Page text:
Pope Clement IX established the Congregation for Indulgences and Sacred Relics in his apostolic letter In ipsis pontificatus nostra primordiis on 6 July 1669, giving permanent form to a commission of cardinals created on 4 August 1667. Initially the Congregation had a purely disciplinary character overseeing the application and observance of the decree Council of Trent's decree De indulgentiis issued on 3-4 December 1563 and limiting the abuses introduced in the distribution of indulgences by the Secretariat of the Briefs.
The Congregation also managed the authentication of relics, particularly when disputes were addressed in legal proceedings. The Congregation had its own staff of theologians and archaeologists, mostly Jesuits or Capuchins, to help resolve complex questions.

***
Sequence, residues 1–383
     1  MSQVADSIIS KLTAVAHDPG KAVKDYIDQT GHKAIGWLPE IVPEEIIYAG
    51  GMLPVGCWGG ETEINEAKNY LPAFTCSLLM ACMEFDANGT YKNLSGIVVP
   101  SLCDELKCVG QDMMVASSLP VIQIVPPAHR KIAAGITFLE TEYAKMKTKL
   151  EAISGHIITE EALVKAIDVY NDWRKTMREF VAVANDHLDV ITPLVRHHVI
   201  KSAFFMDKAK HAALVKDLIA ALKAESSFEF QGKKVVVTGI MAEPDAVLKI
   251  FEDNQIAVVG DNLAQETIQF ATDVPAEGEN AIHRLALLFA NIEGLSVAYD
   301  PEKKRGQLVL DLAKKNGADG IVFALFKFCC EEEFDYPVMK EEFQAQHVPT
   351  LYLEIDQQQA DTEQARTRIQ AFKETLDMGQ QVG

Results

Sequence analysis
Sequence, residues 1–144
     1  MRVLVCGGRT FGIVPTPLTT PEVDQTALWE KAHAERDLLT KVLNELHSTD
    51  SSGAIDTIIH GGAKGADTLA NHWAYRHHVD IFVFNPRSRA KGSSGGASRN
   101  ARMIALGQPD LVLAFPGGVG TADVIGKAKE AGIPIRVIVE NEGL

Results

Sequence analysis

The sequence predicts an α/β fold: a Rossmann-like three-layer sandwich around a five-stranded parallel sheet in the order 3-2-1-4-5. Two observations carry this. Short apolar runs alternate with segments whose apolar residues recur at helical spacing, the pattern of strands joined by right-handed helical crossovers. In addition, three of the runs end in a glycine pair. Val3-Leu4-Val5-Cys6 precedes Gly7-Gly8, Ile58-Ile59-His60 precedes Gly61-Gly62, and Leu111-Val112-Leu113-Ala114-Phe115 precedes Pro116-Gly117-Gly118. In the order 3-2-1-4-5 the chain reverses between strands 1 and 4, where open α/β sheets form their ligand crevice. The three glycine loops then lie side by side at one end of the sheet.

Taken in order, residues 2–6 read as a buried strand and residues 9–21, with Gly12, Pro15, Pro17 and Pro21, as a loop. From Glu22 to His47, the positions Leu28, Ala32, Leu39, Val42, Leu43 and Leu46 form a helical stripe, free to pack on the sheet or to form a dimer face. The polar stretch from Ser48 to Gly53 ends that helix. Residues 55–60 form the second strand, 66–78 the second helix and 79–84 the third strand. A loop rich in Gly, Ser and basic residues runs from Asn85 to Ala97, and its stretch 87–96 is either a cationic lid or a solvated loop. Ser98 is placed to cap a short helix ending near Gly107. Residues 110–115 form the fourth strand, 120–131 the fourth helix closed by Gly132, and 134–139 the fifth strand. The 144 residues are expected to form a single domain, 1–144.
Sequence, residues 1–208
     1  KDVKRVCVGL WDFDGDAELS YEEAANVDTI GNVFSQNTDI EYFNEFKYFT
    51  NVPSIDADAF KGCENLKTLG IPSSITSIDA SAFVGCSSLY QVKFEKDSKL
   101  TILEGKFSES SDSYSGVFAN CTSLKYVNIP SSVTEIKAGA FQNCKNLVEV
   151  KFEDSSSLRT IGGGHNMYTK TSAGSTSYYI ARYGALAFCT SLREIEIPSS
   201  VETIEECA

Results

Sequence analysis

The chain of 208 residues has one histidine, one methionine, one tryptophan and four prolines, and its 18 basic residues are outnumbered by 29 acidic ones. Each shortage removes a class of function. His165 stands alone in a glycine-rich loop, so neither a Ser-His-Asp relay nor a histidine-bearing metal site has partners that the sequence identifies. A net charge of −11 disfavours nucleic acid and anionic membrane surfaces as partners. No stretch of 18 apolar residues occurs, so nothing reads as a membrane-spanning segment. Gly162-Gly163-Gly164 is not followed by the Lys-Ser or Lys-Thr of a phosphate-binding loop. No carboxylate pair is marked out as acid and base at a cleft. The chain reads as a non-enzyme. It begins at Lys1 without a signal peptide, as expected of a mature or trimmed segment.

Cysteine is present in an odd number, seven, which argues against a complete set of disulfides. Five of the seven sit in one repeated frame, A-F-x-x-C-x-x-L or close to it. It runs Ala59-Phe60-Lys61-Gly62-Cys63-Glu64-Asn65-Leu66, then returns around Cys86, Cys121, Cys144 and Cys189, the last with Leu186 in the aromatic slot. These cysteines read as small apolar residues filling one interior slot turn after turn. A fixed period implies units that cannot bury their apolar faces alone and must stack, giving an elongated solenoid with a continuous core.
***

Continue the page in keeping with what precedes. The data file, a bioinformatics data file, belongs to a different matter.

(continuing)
At the beginning of the eighteenth century, the Congregation began to distribute indulgences itself, a privilege that was recognized by Pope Benedict XIV in 1742. Conflicts of jurisdiction and rival interests arose between the Congregation and the Secretariat of the Briefs until Pope Pius IX, with his motu proprio Fidelis domus Domini of 2 January 1855, deprived the Congregation of the rights Benedict XIV had granted it. Pius IX's instructions were reiterated with greater force by Pope Leo XIII in the motu proprio Christianae reipublicae of 31 October 1897.
On 28 January 1904, with the motu proprio Quae in Ecclesiae, Pope Pius X united the Congregation with the Congregation of Rites, and on that same day he made Cardinal Luigi Tripepi, who had been Prefect of the Congregation of Indulgences and Sacred Relics since 7 January 1903, also the Pro-Prefect of the Congregation of Rites.
On 29 June 1908, with the apostolic constitution Sapienti consilio, Pius X suppressed the Congregation and transferred its responsibilities for indulgences to the Holy Office. Finally, Pope Benedict XV on 25 March 1917, with the motu proprio Alloquentes proxime, assigned those responsibilities to the Apostolic Penitentiary.